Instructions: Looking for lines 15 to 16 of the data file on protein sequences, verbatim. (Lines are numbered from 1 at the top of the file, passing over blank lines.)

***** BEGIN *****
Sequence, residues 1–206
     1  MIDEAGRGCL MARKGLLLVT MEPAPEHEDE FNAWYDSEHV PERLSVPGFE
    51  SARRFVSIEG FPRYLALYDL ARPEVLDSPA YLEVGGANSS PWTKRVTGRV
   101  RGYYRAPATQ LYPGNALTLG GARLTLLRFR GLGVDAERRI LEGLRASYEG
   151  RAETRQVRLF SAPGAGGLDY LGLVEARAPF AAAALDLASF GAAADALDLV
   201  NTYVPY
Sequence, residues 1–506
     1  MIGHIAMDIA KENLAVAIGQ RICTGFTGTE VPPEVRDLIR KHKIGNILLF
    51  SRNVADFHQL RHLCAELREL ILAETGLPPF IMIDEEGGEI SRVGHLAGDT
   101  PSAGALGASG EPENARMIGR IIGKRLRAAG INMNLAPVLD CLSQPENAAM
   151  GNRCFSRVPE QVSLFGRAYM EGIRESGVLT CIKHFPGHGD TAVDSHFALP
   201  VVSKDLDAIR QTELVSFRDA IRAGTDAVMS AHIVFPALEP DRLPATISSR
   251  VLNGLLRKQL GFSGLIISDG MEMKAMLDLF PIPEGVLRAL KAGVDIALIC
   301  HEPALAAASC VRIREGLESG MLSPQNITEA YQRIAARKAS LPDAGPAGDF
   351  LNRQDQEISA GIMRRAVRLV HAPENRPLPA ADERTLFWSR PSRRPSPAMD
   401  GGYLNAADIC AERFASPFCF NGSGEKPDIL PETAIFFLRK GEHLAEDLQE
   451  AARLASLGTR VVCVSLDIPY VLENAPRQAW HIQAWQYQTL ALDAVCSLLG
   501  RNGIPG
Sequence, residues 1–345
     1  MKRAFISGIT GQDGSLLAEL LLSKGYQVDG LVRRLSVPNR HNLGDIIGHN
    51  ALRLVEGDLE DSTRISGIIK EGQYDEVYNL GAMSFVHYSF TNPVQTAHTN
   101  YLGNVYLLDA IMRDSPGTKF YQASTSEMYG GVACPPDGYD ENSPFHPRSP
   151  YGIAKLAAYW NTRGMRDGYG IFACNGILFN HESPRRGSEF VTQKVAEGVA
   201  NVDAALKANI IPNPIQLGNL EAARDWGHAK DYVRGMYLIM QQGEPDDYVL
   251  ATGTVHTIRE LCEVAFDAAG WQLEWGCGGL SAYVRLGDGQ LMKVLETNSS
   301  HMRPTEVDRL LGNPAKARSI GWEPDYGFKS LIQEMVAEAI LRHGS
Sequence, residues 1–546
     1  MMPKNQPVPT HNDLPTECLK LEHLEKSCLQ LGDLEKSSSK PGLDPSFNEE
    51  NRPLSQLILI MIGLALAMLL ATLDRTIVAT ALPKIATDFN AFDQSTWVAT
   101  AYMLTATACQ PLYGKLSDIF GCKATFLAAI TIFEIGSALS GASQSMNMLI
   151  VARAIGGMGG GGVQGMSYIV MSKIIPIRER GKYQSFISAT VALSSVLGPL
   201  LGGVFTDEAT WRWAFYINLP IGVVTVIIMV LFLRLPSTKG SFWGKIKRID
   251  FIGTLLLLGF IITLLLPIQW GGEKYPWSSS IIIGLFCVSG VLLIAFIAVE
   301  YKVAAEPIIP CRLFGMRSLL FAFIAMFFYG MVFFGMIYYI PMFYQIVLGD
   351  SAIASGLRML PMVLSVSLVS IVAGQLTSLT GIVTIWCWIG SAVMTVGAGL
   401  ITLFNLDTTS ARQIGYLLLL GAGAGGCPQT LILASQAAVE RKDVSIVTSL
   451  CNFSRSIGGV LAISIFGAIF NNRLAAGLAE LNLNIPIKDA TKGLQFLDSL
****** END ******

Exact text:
   351  LNRQDQEISA GIMRRAVRLV HAPENRPLPA ADERTLFWSR PSRRPSPAMD
   401  GGYLNAADIC AERFASPFCF NGSGEKPDIL PETAIFFLRK GEHLAEDLQE